words Alexa Wang
In the field of Big Data, the temptation to turn to “As-A-Service” is increasingly encouraged and fueled by the proliferation of ready-to-use Big Data Cloud offers with payment to usage.
After a first wave that saw large companies invest “on-premise” in Big Data technologies, mid-size companies also attracted by the sirens of Big Data, seduced by these first convincing feedbacks, are wondering about the reverse on the opportunity to outsource their “Data Factory”, not having internal means, resources and skills.
This temptation to turn to “As-A-Service” is increasingly encouraged and fueled by the proliferation of “ready-to-use” Big Data “Cloud” offers with “pay-per-use”. . This formula finds a natural echo with these companies, allowing them to overcome this complexity and gradually initiate their investments. These “As-A-Services” offers range from traditional IaaS (Infrastructure-As-A-Service) to the ambitious “Analytics-As-A-Service”, often verticalized to a business area (Marketing Analytics, Video Analytics ) through the classic PaaS offers (Platform-As-A-Service) which provide an “off-the-shelf” Big Data “stack” comprising the standard ecosystem (Hadoop-As-A-Service).
But the “As-A-Service” concept now goes further. It touches on the previously exclusively “on-premise” nerve centre of companies: data via “Data Lab-As-A-Service” type offers intended for players. Business lines, including some Big Data development services and a virtualized Lab environment, make its data speak. Some offers even go so far as to outsource the Data Science activity (Data Science-As-A-Service).
Despite this plethora of offers, today, there is no complete industrial managed service offer to outsource the activities of its Data Factory to a single third party in a logic of monthly cost, maintenance and support. Big Data uses, whether operational, decision-making / analytical, or even experimental. Is it so unique? Not that much. For a “Data Factory-As-A-Service” offer to be viable for all stakeholders, many ingredients, sometimes still missing, are necessary. Diceus.com is the one of the best website that can provide big data outsourcing services .
The Lack Of Maturity Of The Underlying Technologies
To ensure cost control, service commitments and backward compatibility in the face of technological developments, the maturity of Big Data has not yet been reached. However, the essential technologies, initiated by the data giants (GAFA) and which partly benefit from the “Open Source” model, are remarkably reliable and can be satisfied with “commodity hardware”.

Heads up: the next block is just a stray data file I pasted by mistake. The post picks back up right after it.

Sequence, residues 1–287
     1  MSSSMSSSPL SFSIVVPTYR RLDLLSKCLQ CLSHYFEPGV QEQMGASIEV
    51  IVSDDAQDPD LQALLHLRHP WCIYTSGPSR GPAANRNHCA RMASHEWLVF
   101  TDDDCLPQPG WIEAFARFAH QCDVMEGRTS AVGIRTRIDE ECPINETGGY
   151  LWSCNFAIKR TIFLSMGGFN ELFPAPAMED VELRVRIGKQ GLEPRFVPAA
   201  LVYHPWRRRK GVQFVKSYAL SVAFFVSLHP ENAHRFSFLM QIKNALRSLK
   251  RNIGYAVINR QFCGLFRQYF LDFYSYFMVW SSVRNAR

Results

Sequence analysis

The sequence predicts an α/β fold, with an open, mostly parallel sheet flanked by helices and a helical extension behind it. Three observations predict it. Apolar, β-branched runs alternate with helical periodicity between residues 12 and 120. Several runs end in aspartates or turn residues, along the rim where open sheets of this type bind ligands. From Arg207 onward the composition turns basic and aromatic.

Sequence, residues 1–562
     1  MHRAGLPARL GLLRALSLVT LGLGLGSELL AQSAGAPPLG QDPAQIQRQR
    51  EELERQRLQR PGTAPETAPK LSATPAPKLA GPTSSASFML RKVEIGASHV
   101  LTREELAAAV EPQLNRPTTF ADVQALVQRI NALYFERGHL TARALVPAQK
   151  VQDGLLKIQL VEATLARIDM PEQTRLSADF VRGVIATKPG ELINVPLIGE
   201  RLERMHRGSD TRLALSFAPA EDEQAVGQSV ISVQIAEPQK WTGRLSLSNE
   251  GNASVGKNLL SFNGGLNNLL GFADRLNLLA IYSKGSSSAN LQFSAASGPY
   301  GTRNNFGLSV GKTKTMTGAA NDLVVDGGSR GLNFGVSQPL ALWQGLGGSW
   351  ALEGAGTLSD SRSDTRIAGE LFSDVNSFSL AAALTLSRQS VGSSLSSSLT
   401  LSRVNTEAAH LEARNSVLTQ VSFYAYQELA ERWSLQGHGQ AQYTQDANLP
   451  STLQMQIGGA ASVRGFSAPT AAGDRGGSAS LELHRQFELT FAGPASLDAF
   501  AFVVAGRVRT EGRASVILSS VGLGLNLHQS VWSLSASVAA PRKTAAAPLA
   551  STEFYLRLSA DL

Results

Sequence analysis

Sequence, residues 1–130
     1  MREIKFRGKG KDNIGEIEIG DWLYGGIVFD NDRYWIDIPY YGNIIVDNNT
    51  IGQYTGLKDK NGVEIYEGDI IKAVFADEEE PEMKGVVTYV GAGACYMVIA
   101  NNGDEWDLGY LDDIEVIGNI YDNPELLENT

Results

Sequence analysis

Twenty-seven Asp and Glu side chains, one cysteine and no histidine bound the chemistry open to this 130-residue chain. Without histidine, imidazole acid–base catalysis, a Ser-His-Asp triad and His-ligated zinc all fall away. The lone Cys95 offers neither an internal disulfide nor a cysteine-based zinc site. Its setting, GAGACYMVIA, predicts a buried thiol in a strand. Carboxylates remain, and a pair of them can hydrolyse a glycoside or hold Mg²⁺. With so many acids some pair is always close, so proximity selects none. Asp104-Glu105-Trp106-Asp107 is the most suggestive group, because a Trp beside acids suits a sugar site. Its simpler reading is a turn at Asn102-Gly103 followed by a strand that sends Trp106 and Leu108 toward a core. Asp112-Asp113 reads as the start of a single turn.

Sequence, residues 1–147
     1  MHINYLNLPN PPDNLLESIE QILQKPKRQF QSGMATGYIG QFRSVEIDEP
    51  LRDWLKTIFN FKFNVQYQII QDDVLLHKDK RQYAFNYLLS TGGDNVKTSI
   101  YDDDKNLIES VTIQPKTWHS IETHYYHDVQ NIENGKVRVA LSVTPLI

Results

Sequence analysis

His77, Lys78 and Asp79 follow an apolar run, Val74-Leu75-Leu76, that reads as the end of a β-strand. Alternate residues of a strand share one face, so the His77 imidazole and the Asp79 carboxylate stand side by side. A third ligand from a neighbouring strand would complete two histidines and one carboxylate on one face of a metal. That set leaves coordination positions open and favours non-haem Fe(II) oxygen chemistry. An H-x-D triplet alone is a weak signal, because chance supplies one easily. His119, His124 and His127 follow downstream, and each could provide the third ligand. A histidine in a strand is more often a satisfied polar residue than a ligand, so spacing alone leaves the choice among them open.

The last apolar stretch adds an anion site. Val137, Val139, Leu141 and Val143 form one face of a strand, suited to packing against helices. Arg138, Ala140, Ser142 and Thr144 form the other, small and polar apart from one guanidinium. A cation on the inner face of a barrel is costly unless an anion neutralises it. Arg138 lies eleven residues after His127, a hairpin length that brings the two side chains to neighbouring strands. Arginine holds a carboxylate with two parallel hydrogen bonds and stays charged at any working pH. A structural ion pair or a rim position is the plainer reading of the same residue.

In addition, the “Data Factory-As-A-Service” offer would not be complete without industrialization tools making it possible, among other things, to mask the plurality of technologies, to manage multi-tenant / multi-instance, to unify the management of data access security and centralized log management. A tool that remains today the weak link of Big Data outsourcing. Numerous industrialization components have to be specifically developed, almost across the entire Big Data value chain.
Efficient and secure network interconnections to absorb data flows are also essential if the Big Data software base cannot be projected onto the company’s infrastructures. Collocation of data remains a significant subject to limit transfer costs and transit times, particularly when the uses require real-time.
Indispensable Conditions To Be Offered By Publishers And Service Providers Choosing
Diceus is one of the best company that can provide Big Data solution and the right provider of big data outsourcing. Thus, the service provider must offer a catalogue of unmarked and industrialized usage models to control production costs throughout the value chain (acquisition, transformation, etc.). The “licensing” model of Big Data software publishers must also be adapted to pay-per-use, knowing that this type of offer already exists on the infrastructure part. However, many of them, mainly financed by venture capital, has not yet reached the breakeven point and are, in fact, not necessarily inclined to join this type of rental model, except to offer themselves “managed services” around their software offer.
. Must also integrate robust and efficient mechanisms (in volume and speed) for integrating flows, services and APIs to interoperate with existing systems, partners and the company’s authentication systems into the service offering. Finally, the ability to potentially offer freedom in choosing certain peripheral software components such as analysis tools appears essential for a successful transition from decision-making to analytics. Reversibility clauses must also appear in “As-A-Service” contracts to authorize the possible re-internalization of all or part of the Big Data activity, for example, to be able to re-internalize data management, carry out specific uses unmarked.